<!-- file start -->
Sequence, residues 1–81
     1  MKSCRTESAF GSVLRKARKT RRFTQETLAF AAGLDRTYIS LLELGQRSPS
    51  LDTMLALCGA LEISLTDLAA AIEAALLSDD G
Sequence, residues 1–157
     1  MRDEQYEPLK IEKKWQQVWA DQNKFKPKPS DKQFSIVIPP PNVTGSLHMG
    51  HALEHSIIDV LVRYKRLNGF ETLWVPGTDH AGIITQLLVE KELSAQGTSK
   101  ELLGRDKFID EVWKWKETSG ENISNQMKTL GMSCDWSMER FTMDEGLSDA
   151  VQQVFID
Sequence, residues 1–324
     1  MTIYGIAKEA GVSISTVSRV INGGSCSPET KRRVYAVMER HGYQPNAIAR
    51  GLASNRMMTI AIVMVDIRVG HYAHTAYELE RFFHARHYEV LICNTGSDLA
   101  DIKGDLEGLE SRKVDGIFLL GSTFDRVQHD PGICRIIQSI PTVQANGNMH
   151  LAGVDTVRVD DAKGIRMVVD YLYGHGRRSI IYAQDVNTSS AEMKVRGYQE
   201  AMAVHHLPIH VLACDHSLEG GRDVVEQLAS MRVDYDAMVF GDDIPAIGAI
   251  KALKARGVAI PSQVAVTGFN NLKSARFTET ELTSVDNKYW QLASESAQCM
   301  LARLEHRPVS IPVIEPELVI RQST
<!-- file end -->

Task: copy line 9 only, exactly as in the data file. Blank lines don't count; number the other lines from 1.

Sequence, residues 1–324